New insurance process would aid advisors

By Kanupriya Vashisht | January 27, 2010 | Last updated on January 27, 2010
4 min read

When most other industries have moved aggressively towards technological solutions to save time and money, the insurance sector is still beset with a 20-plus-page application process, and a cumbersome procedure that takes approximately 36 days from start to finish.

That’s if all goes well.

An unchecked box or a botched page could mean the application circles right back to where it started — a hapless client and an embarrassed advisor.

“There’s a significant gap in accuracy today,” says Scott Sinclair, chief operating officer of Transamerica Life.

But that might change soon. Senior executives and decision makers in the Canadian life insurance industry — under the aegis of Canadian Life Insurance Standards Association (CLIEDIS) — are making a strong case for e-applications and “straight-through processing” for new business. They say it will radically reduce paper forms and save customers, advisors and insurance companies time and money.

The Canadian insurance industry is admittedly behind the times when it comes to this type of technology. But there’s a growing consensus the life insurance industry can do something similar to what the Canadian investment fund industry did a few years ago.

While there have been fragmented efforts at using technology in the past, Dennis Craig, CLIEDIS co-Chair and VP of life and health underwriting at RBC Financial, says, “The difference this time is we’re committed to making this an industry initiative. It can’t be focused solely on any one quarter of the industry. Benefits have to be equally derived.”

To spearhead the process, CLIEDIS hosted a meeting of executives, advisors, distributors, industry suppliers and technology vendors to discuss the benefits of getting rid of paper and moving toward comprehensive electronic processes.

“Every sector we have identified has tangible benefits, right from the carrier to the consumer,” Craig added.

A Bridge Group — eight core members representing two carriers, two distributors, two tech partners, and a member each from ADVOCIS and CLIEDIS — is compiling information from the meeting and working on a game plan to get all the players in the industry involved.

The Group has a three-month window to approach various parties and gather business requirements to take the process into design and governance phase.

And if the industry does manage to get on the same page, Tim Fitzpatrick, president of Calgary-based VirtGroup, says the insurance process might finally get automated and compressed from 36 days to 24 hours, thanks to real-time straight-through processing.

Straight-through processing allows an advisor to complete the application electronically with the client; answers are checked for completeness and clarified on the spot. Key data from the application is then secured and made available almost immediately to all parties involved in the confidential process, including the advisor, the advisor’s distribution company, the insurance company, and industry partners that arrange medical tests directly with the client.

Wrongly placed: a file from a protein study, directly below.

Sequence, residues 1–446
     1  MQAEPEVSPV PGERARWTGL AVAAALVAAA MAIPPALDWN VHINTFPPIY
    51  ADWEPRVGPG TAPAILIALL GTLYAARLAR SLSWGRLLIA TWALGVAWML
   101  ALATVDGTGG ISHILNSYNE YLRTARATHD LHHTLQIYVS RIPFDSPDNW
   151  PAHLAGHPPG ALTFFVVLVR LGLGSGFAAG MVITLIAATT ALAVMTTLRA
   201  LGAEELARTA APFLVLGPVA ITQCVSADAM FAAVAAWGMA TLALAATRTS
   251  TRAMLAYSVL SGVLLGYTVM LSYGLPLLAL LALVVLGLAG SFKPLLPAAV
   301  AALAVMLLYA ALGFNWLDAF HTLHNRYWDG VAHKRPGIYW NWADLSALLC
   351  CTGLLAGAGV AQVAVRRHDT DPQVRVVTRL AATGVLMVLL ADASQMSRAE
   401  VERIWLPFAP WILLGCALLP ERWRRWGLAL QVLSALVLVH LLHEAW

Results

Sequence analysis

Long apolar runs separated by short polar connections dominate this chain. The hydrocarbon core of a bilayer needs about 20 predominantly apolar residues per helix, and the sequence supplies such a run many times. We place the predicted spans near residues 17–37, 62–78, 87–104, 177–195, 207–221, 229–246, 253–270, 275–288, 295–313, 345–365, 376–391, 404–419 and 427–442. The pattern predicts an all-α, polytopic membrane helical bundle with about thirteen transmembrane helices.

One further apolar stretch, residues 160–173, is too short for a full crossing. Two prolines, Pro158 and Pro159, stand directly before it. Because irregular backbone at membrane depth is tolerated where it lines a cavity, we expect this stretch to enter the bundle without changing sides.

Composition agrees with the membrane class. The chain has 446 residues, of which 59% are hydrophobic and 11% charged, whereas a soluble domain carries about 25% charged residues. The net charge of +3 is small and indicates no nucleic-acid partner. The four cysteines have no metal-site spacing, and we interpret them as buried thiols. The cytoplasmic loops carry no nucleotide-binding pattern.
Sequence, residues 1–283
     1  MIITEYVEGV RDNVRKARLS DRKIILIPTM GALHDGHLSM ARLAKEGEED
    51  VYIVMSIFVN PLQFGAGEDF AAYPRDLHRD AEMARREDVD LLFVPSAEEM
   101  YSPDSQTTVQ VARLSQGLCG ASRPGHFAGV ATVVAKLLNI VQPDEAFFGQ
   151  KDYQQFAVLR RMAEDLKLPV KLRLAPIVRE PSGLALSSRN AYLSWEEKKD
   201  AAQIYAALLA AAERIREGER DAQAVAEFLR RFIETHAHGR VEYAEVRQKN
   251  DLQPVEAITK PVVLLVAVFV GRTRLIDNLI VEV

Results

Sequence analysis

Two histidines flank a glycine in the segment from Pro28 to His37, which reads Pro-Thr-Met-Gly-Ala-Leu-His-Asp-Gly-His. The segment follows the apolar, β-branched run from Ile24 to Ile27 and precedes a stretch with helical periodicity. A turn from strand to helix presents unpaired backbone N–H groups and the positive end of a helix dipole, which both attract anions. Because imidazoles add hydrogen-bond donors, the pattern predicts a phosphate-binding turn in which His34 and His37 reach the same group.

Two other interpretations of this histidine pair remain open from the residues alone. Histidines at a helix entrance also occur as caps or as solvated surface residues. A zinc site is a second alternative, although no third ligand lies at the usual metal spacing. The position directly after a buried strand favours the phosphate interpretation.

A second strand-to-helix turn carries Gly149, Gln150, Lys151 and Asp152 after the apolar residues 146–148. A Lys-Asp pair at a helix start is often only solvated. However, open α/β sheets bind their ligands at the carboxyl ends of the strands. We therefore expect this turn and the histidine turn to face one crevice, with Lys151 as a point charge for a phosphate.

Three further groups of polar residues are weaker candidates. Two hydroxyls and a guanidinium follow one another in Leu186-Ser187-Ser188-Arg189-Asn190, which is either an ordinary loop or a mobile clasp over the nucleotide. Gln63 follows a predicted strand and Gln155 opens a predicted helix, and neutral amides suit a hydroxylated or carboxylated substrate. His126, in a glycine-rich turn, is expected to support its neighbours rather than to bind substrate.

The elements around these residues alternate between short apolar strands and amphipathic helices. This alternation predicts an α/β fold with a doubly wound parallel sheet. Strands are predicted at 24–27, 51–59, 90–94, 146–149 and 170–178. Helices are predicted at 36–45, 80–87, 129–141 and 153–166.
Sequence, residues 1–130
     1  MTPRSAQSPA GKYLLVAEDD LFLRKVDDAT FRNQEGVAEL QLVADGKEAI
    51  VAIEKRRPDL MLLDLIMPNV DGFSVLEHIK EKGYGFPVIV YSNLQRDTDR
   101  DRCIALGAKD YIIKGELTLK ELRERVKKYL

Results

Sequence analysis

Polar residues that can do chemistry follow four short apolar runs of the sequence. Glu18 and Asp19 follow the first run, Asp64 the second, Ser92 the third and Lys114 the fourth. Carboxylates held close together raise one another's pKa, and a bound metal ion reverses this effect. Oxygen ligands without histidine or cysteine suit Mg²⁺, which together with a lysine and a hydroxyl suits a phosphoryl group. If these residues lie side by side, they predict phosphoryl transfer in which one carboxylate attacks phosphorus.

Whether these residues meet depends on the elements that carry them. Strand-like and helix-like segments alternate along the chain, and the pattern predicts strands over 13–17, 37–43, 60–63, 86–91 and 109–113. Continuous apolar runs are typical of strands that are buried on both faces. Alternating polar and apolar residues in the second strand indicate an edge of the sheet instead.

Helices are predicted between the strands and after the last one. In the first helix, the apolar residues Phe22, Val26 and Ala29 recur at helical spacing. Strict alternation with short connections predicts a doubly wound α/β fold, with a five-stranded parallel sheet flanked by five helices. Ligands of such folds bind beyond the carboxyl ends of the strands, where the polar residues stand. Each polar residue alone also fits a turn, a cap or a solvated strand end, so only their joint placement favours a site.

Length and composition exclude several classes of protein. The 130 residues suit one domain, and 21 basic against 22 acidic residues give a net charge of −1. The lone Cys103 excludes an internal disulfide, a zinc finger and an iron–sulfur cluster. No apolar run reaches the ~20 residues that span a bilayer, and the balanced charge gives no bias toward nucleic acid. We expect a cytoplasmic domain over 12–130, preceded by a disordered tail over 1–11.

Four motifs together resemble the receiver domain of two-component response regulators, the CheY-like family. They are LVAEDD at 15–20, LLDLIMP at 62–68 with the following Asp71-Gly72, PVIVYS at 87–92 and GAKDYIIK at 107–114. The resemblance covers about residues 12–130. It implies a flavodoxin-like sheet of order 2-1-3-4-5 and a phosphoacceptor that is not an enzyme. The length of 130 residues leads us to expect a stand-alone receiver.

While it might seem like a miracle to an industry mired in paper and process, “We aren’t really creating any magic,” Fitzpatrick says. “Much of the technology already exists and is being used in different capacities by vendors, carriers, distributors and advisors. We are just focusing on consolidating these different bits of technology into a bigger solution that serves the whole industry,” he explains.

Based on results from a straw poll of 130 advisors, Byren Innes, senior VP and director with NewLink Group Inc., says, “Advisors see this change as resulting in a more satisfied customer. They also see a significant decrease in administrative workload resulting in increased resources available for client communication and servicing, as well as greater professionalism.”

Sinclair agrees: “Currently, 70% of an advisor’s time is spent on the administrative process. Straight through processing will allow advisors to experience a massive pickup in their productivity and client experience. They will be able to focus more on service and sales rather than the administrative process.

“Administrative benefits will also accrue to distributors and carriers. Technology partners stand to benefit as well. Standards will be enforced and development on a shared basis will give them the ability to maximize the value of their products and manage their costs,” he adds.

While most of advisors who participated in the straw poll are unanimous about the upside of technology, some did express concerns about maintaining privacy on an open network.

Craig says better architecture and more efficient reporting and data management will actually improve compliance. “Today you have a lot of paper floating around. There are hundreds of thousands of applications with confidential medical information. Electronically we can have that information better secured.”

While adopting new technology will spell additional costs, Sinclair says they could be dramatically offset by the reduced cost of duplication of services and administration.

“There won’t be a giant entry cost. In the end, he says, “it comes down to how you spend your money — do you spend it on an army of administrators or do you spend it on an optimized process?”

Kanupriya Vashisht